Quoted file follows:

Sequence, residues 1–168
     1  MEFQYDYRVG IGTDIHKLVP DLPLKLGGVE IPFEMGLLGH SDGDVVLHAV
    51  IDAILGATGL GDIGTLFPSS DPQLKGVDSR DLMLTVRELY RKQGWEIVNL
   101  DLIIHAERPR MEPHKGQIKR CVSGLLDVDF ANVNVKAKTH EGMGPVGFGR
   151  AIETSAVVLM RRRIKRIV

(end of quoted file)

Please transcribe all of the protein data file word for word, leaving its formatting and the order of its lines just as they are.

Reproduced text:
Sequence, residues 1–168
     1  MEFQYDYRVG IGTDIHKLVP DLPLKLGGVE IPFEMGLLGH SDGDVVLHAV
    51  IDAILGATGL GDIGTLFPSS DPQLKGVDSR DLMLTVRELY RKQGWEIVNL
   101  DLIIHAERPR MEPHKGQIKR CVSGLLDVDF ANVNVKAKTH EGMGPVGFGR
   151  AIETSAVVLM RRRIKRIV